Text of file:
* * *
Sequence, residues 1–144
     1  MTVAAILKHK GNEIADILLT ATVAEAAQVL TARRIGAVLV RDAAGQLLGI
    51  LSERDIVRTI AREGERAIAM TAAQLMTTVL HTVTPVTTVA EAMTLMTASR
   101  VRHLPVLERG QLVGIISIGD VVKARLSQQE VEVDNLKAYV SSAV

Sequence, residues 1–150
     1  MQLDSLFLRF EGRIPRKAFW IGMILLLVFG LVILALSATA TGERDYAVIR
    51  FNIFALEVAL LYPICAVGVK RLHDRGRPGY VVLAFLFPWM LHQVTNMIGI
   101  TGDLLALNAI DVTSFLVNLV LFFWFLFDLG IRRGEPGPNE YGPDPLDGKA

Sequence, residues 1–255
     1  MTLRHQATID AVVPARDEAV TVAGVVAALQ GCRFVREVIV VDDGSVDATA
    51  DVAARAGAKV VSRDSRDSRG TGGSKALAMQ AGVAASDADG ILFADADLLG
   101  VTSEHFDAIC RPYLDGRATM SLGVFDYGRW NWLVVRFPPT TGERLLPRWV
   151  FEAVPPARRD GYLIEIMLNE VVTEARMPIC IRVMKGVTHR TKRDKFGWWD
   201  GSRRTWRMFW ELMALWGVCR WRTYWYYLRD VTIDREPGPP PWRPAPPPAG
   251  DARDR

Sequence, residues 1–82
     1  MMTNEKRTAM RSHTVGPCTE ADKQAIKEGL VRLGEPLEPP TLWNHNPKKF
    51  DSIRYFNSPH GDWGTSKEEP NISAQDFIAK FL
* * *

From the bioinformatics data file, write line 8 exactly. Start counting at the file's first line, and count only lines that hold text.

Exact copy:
   101  TGDLLALNAI DVTSFLVNLV LFFWFLFDLG IRRGEPGPNE YGPDPLDGKA